Heart Health Benefits of Physical Activity
Physical activity is any form of movement that works your muscles and uses more energy than you use when resting. Walking, running, dancing, swimming, yoga and gardening are examples of physical activity.
Being physically active, along with following a healthy diet and not smoking, is one of the most important things you can do to keep your heart and lungs healthy. Yet, many Americans are not active enough. The good news is that even modest amounts of physical activity are good for your health. The more active you are, the more you will benefit.
Physical activity, especially aerobic activity, is good for your heart. Physical activity strengthens your heart and reduces coronary heart disease risk factors. It can also lower blood pressure; improve and manage levels of cholesterol and other fats in the blood; improve your body's ability to manage blood sugar and insulin levels, which lowers your risk for type 2 diabetes; help you maintain a healthy weight; and reduce levels of C-reactive protein (CRP) in your body, a sign of inflammation. High levels of CRP may raise your risk for heart disease. Inactive people are nearly twice as likely to develop heart disease as people who are physically active.
In people with heart disease, regular aerobic activity helps the heart work better. It also may reduce the risk of a second heart attack in people who already have had a heart attack.
Vigorous aerobic activity may not be safe for people with heart disease. Talk to your doctor about what type of activity is safe for you.
Recommendations for Physical Activity
In 2008, the U.S. Department of Health and Human Services (DHHS) released new physical activity guidelines. For adults, the guidelines advise that:
- Some physical activity is better than none.
- For major health benefits, do at least 150 minutes of moderate-intensity aerobic activity or 75 minutes of vigorous-intensity aerobic activity each week. Each bout of activity should last at least 10 minutes. For example, walk briskly (moderate physical activity) five days a week for at least 30 minutes each time.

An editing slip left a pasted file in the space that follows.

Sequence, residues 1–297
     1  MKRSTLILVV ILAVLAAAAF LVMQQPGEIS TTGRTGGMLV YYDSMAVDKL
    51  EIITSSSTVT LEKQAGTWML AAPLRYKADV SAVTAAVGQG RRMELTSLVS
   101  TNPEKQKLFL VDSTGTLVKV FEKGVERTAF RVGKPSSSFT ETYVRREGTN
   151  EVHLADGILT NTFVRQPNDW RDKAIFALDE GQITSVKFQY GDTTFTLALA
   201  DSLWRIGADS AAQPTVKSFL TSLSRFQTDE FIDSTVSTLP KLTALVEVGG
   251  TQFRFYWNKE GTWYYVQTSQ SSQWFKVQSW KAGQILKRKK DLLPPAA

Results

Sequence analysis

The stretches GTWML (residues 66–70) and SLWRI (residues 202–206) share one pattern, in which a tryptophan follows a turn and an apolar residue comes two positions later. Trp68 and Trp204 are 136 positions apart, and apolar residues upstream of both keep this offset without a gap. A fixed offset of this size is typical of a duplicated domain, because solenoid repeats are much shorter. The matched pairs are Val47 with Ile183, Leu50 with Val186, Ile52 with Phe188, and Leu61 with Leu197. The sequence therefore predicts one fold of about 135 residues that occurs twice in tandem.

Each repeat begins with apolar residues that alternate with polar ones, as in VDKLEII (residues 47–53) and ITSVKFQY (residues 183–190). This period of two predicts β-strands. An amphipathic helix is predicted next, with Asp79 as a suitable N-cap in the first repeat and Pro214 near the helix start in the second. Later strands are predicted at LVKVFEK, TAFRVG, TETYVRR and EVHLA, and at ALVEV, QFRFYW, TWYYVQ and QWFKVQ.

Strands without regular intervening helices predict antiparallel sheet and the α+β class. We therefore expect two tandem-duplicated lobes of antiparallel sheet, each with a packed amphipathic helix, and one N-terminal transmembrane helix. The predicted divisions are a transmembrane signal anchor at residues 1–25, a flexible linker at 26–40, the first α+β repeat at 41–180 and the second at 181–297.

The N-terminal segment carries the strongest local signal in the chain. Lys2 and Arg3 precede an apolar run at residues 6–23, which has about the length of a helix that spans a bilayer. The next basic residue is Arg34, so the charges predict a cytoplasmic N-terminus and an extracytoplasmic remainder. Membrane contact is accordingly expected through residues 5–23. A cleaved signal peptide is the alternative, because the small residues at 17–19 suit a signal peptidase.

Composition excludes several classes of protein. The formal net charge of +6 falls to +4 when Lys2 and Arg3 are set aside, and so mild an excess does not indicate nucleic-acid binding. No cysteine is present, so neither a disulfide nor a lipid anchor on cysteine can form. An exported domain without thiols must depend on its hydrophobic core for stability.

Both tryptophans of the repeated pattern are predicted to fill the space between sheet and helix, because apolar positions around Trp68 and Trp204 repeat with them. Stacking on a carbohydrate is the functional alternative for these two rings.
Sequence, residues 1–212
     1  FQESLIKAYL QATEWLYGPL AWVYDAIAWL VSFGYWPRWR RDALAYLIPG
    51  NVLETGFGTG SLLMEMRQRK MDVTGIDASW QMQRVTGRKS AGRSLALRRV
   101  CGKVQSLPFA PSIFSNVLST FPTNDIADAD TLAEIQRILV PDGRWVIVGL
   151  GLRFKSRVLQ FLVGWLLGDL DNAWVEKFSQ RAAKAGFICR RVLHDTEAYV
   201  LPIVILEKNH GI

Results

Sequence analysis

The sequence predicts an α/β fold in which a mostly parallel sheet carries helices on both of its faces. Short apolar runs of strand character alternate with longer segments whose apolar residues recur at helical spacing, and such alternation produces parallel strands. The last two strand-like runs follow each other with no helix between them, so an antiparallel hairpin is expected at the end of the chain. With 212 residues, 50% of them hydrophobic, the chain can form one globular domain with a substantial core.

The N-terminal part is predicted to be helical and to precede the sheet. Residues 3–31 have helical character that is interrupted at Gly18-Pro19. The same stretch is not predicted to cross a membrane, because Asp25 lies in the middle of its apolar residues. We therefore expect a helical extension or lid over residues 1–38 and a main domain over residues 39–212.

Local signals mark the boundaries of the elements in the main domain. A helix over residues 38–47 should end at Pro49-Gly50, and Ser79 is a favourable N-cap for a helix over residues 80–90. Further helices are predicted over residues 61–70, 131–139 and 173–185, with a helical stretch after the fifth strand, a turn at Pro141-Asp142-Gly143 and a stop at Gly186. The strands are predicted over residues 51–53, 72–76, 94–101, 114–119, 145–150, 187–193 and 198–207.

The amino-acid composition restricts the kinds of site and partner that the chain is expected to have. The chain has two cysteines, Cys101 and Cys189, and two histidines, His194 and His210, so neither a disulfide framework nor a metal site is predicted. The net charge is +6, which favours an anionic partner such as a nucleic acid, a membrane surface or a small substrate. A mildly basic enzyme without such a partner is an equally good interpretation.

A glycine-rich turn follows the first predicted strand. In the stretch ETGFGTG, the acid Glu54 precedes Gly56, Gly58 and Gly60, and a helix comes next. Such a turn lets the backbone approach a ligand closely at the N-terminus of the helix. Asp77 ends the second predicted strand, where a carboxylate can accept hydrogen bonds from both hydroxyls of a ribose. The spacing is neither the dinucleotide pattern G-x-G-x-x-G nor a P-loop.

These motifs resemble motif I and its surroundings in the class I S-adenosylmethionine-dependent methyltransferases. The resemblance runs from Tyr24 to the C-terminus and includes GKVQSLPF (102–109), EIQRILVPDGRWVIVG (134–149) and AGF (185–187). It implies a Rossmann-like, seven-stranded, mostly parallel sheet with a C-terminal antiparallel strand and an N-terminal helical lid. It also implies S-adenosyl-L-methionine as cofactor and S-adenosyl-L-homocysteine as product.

- More physical activity will increase your health benefits.
- Muscle-strengthening activities that are moderate or high intensity should be included two or more days a week. These activities should work all of the major muscle groups, including the legs, hips, back, chest, abdomen, shoulders and arms. Examples include lifting weights, working with resistance bands, sit-ups and push-ups, yoga and heavy gardening.
If you have a chronic (ongoing) condition, such as heart disease, lung disease or diabetes, talk to your doctor about whether you can do physical activity. Ask your doctor which activities are safe for you.
Getting Started and Staying Active
Physical activity is an important part of a heart-healthy lifestyle. To get started and stay active, make physical activity part of your daily routine, keep track of your progress, be active and safe.
Make Physical Activity Part of Your Daily Routine
You don't have to become a marathon runner to get all of the benefits of physical activity. Do activities that you enjoy and make them part of your daily routine. If you haven’t been active for a while, start small and build slowly. Many people like to start with walking and slowly increase their time and distance.